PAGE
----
Wednesday, April 1, 2015

April 2nd Is National Peanut Butter & Jelly Sandwich Day

This week every food blogger, and their dog, are publishing recipes and wine pairings for Easter and Passover. In the past, I've done so here, here, and here. I've published the recipes, recommended the right wines, and even addressed the irony of serving ham to mark the resurrection of the King of the Jews. There's no need for me to rehash such topics this year.
Peanut Butter & Jelly Sandwich
Subject: Peanut Butter & Jelly Sandwich | Date: 11/11/2010 | Photographer: Evan-Amos |This work has been released into the public domain by its author, Evan-Amos. This applies worldwide.

This week I'm going to talk about a lesser known observance, since April 2nd is National Peanut Butter & Jelly Sandwich Day. Why Congress chose April 2nd to honor the childhood staple is a bit of a mystery. Nevertheless, the simple little sandwich has become as much a part of American childhood as bicycles, skateboards, and comic books.

While most of us have been aware of peanut butter & jelly sandwiches since being knee high to a grasshopper, the fact is the dish has only been around for 114 years. The first known mention of a peanut butter & jelly sandwich appeared in 1901, in the Boston Cooking-School Magazine of Culinary Science and Domestic Economics, by Julia Davis Chandler:
"For variety, some day try making little sandwiches, or bread fingers, of three very thin layers of bread and two of filling, one of peanut paste, whatever brand you prefer, and currant or crab-apple jelly for the other."
Perhaps one reason for the popularity of the sandwich lies with the fact that, unlike cookies and cakes, the sandwich delivers a sweet taste while being considered to be relatively healthy.  A basic peanut butter and jelly sandwich consisting of two slices of white bread, 2 tablespoons of peanut butter, and 1 tablespoon of jelly delivers;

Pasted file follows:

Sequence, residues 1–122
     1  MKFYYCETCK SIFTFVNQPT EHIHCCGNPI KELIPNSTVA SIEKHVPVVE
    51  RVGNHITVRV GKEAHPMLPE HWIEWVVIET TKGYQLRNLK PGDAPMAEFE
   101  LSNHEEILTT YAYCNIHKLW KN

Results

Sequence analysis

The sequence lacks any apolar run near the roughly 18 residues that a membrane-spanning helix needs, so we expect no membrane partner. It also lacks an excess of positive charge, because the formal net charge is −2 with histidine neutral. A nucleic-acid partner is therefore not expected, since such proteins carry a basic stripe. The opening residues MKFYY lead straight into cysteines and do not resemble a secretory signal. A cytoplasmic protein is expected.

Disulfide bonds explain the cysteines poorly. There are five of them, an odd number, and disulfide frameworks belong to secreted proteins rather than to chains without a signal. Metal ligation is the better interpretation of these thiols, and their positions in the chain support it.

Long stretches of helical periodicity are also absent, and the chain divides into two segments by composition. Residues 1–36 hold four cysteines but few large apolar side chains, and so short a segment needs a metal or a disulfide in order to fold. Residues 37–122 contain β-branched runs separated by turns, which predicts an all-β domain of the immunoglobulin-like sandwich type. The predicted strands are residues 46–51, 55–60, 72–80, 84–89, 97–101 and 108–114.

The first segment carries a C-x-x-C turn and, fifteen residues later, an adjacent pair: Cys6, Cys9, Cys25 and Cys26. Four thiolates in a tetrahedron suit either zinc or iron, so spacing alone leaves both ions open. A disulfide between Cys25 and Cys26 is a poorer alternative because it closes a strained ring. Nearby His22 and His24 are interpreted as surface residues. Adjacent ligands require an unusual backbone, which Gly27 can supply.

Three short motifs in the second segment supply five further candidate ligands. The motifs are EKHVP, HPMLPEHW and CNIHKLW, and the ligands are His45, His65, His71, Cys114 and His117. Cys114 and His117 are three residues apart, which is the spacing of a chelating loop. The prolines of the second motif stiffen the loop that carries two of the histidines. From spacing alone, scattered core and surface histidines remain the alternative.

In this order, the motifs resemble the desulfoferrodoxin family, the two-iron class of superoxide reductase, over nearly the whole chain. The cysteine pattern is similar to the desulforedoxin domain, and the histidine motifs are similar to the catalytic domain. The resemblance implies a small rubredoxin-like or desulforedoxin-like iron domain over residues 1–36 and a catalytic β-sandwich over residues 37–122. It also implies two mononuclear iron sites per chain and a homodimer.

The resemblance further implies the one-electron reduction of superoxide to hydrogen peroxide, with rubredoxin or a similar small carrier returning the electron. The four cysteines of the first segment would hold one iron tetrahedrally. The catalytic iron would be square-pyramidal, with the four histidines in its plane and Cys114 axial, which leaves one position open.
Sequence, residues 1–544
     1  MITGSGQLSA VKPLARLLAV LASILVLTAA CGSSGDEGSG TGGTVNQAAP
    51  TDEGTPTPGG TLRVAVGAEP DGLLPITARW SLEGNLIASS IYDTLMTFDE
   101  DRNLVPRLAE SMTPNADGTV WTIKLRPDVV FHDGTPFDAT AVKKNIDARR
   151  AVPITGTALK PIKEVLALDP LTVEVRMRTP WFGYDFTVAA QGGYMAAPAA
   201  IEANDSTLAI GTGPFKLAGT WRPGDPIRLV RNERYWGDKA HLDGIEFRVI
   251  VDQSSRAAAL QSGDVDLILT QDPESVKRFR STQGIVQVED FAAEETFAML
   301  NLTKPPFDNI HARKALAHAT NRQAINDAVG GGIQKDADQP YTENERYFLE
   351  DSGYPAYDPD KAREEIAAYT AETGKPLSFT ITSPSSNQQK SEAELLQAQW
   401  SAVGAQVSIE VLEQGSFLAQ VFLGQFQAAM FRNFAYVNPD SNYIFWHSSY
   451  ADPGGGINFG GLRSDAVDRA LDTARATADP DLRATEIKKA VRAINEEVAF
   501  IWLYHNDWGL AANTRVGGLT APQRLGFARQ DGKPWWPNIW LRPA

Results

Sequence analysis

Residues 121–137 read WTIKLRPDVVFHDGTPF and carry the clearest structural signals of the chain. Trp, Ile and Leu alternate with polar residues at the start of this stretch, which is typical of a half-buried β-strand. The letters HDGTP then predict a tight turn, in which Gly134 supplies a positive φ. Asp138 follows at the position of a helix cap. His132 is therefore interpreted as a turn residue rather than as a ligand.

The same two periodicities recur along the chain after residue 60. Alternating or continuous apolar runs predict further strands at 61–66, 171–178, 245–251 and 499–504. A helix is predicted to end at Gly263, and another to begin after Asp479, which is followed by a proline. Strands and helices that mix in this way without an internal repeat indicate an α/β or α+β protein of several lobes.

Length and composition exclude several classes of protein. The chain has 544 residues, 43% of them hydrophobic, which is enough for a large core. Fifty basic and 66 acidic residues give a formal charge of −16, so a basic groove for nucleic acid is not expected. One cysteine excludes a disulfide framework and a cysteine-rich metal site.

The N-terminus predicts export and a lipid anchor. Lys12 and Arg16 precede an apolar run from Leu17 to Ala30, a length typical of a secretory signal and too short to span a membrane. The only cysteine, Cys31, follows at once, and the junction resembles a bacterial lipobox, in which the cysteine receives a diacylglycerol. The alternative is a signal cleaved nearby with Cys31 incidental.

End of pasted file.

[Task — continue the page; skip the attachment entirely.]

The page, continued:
• 5.9 grams of fiber (4 from the bread),
  • 380 calories, 
  • 13.45 grams of protein,
  • 19 grams of total fat, 
  • 3.72 grams of saturated fat, 
  • 8.86 grams of monounsaturated fat,
  • 5.33 grams of polyunsaturated fat, 
  • 0 milligrams of cholesterol, 
  • 45 grams of carbohydrates,
  • and 460 milligrams of sodium.
It's a bit high in sodium & fats, granted, but when compared to candy bars & donuts, it's a tasty carb & protein source to fuel an afternoon of cops & robbers.

Normally, I'd post a recipe at this point, but I'd wager that anyone reading this blog has this dish down cold.  In fact, the peanut butter & jelly sandwich is probably the first dish most of us learned to make as children.

That being said, I was at a sports bar, a few years ago, where I had a triple decker deep fried peanut butter and jelly sandwich.  The bread was crunchy and slightly salty from having been fried, the peanut butter became melty and gooey, and the whole sandwich took on a richer tone.  I found a recipe for a one deck version here, which you could modify into the three deck version.  Of course, doing so pretty much negates any of the aforementioned health benefits of the classic version.

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